[Go back to The Crows and the Hawk]
There was once a man, a serpent-charmer, who used to [catch and] train serpents, and this was his trade; and he had a great basket, in which were three snakes; but the people of his house knew this not. Every day he used to take the basket and go round about the town with it, gaining his living and that of his family [by exhibiting the snakes], and at eventide he returned to his house and clapped them back into the basket privily. One day, when he came home, as of wont, his wife asked him what was in the basket and he said, "What wouldst thou with it? Is not victual plentiful with you? Be content with that which God hath allotted to thee and enquire not of aught else." With this she held her peace; but she said in herself, "Needs must I search the basket and know what is therein." So she egged on her children to ask him of the basket and importune him, till he should tell them what was therein. They concluded that it contained something to eat and sought every day of their father that he should show them what was in it; and he still put them off and forbade them from asking this.
On this wise they abode awhile, till they agreed with their mother that they would neither eat nor drink with their father, till he granted them their prayer and opened the basket to them. One night, the serpent-charmer came home with great plenty of meat and drink and called them to eat with him; but they refused and showed him anger; whereupon he began to coax them with fair words, saying, "Tell me what you would have, that I may bring it you, be it meat or drink or clothes." "O our father," answered they, "we want nothing of thee but that thou open this basket and show us what is therein: else we will kill ourselves." "O my children," rejoined he, "there is nothing good for you therein and indeed the opening of it will be hurtful to you." They only redoubled in despite for all he could say, which when he saw, he began to berate them and threaten them with beating, except they left this; but they redoubled in anger and persistence in asking, till at last he waxed wroth and took a stick to beat them, and they fled from him within the house.
Now the basket was present and he had not hidden it anywhere; so his wife left him occupied with the children and opened the basket in haste, that she might see what was therein; whereupon the serpents came out and bit her and killed her. Then they went round about the house and killed all, great and small, who were therein, except the serpent-charmer, who left the place and went away. If then, O august king,' continued the vizier, 'thou consider this, thou wilt know that it is not for a man to desire aught but that which God the Most High refuseth not to him; nay, he should be content with what He willeth. And thou, O king, for the abundance of thy wisdom and the excellence of thine understanding, God hath solaced thine eyes with the advent of this thy son, after despair, and hath comforted thine heart; wherefore we pray God to make him of the just kings, acceptable to Himself and to his subjects.'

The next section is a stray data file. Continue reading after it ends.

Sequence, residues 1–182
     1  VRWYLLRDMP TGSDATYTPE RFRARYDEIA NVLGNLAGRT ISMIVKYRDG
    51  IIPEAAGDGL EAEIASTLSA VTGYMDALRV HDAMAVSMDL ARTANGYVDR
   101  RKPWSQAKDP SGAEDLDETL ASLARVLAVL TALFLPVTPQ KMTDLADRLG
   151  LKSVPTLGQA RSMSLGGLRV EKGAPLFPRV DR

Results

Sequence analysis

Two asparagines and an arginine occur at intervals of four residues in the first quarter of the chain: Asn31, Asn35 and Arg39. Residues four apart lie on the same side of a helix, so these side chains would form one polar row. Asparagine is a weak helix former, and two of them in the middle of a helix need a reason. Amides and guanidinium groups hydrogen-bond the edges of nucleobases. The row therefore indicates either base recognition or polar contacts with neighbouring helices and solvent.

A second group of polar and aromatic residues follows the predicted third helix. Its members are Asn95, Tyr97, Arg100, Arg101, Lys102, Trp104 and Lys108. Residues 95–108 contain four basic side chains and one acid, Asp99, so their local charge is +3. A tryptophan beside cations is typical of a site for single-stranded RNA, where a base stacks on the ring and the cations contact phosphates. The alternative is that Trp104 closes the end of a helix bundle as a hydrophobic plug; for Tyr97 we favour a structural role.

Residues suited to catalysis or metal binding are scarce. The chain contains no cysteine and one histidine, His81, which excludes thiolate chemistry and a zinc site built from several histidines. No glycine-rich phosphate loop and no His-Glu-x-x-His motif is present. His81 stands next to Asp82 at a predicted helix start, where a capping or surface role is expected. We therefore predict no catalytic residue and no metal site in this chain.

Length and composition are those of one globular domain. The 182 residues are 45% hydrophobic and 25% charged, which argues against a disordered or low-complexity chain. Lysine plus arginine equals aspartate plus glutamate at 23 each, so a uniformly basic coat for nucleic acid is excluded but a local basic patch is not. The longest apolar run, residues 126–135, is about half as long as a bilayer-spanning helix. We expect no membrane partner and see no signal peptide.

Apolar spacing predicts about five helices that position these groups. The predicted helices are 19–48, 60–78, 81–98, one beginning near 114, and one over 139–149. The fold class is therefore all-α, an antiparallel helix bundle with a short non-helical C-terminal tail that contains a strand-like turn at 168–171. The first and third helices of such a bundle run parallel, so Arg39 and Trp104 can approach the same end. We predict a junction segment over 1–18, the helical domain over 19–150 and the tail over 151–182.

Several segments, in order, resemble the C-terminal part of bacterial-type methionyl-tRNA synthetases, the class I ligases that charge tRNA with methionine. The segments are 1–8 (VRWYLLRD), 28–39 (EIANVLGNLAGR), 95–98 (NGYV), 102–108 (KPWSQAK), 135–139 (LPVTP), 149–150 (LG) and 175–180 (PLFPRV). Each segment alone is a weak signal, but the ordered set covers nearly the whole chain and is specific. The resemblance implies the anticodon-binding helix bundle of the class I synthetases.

Then rose the seventh vizier and said, 'O king, I know and endorse all that my brethren, these wise and learned viziers, have said of thy justice and the goodness of thy policy and how thou art distinguished in this from all other kings; wherefore they gave thee the preference over them. Indeed, this is of that which is incumbent on us, O king, and I say, "Praised be God for that He hath guerdoned thee with His bounty and vouchsafed thee, of His mercy, the welfare of the realm and succoured us and thee, on condition that we abound in gratitude to Him; and all this no otherwise than by thine existence!" What while thou remainest to us, we fear not oppression neither dread unright, nor can any take advantage of our weakness; and indeed it is said, "The greatest good of a a people is a just king and their greatest evil an unjust one;" and again, "Better dwell with devouring lions than with an unjust Sultan." So praised be God the Most High with eternal praise for that He hath blessed us with thy life and vouchsafed thee this blessed child, whenas thou wast stricken in years and hadst despaired of issue! For the goodliest of the gifts of the world is a virtuous child, and it is said, "He who hath no child, [his life] is without result and he hath no remembrance."
As for thee, because of the righteousness of thy justice and thy pious confidence in God the Most High, thou hast been vouchsafed this happy son; yea, this blessed child cometh as a gift from the Most High God to us and to thee, for the excellence of thy governance and the goodliness of thy patience; and in this thou hast fared even as fared the spider with the wind.' 'And what is the story of the spider and the wind?' asked the king. 'Know, O king,' answered the vizier, 'that...
[Go to The Spider and the Wind]
Payne, John (1842-1916). The Book of the Thousand Nights and One Night. London. 1901. Gutenberg Vol. I. Gutenberg Vol. II. Gutenberg Vol. III. Gutenberg Vol. IV. Please consult the Gutenberg edition for footnotes; the footnotes have not been included in this web version. Wollamshram Vol. V. Wollamshram Vol. VI. Wollamshram Vol. VII. Wollamshram Vol. VIII. Wollamshram Vol. IX. Please consult the Wollamshram edition for footnotes; the footnotes have not been included in this web version.
1001 Nights Hypertext. Laura Gibbs, Ph.D. This website is licensed under a Creative Commons License. The texts presented here are in the public domain. Thanks to Gene Perry for his excellent help in preparing the texts for the web. Page last updated: January 1, 2005 10:46 PM